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1 hour ago, inquisitor said:

Does this mean my evernote data is stored by google?

Nope.  Just means EN "leases" google servers to store all our data.  Here is some background.

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1 hour ago, inquisitor said:

Does this mean my evernote data is stored by google?

Don't over react to the answer on this.

At one time Evernote operated their own data centres.  At the start, there was no other options.

These days, it's more cost efficient to rent services  from other companies; Google, Amazon, ....

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Anybody should be happy to learn that EN has outsourced the data storage to Google (or Amazon, or Microsoft, or ... any other major cloud service). This is common practice today for a lot of companies. It does not mean that Google is handling the data, they just run the data center on which the EN data (which is my data, your data, our data !) is saved and processed.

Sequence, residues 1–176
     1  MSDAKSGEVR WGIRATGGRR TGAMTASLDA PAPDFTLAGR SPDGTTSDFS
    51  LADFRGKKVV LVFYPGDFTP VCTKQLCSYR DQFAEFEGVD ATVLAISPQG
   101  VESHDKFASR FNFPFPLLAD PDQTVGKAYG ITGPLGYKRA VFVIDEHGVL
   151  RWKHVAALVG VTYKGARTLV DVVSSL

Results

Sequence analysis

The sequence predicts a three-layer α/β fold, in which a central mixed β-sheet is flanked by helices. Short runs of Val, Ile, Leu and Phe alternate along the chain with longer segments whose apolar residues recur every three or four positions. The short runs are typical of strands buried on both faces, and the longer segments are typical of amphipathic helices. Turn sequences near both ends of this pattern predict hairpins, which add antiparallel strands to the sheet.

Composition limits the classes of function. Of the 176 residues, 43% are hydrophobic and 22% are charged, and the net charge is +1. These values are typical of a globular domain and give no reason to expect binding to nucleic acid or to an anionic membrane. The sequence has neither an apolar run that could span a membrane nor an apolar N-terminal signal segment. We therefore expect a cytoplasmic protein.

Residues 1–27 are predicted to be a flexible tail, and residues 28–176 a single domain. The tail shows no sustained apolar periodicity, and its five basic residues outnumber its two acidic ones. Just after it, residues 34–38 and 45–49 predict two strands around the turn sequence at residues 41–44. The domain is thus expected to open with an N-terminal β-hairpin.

This means the data is super-save, distributed over a number of data centers, backuped to an extend that a single company could most likely not guarantee. 

If you use the data stored in your EN account professionally, you should think about closing a data processing agreement with EN. For European users with professional data use, this is obligatory under European data protection laws. I did this, with a very professional reaction by EN and without additional cost. Just issue an support ticket, briefly explaining why you want to add this amendment to your account. EN confirms in there that the data will be handled and protected in compliance with the new European data protection laws (which is to my knowledge the strictest ruleset of all G20-countries).

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Yes. I use it professionally which is why I investigated this issue - very perceptive Pink Elephant. Thank you very much for sharing your experience. I will follow up with EN regarding an amendment. Best wishes.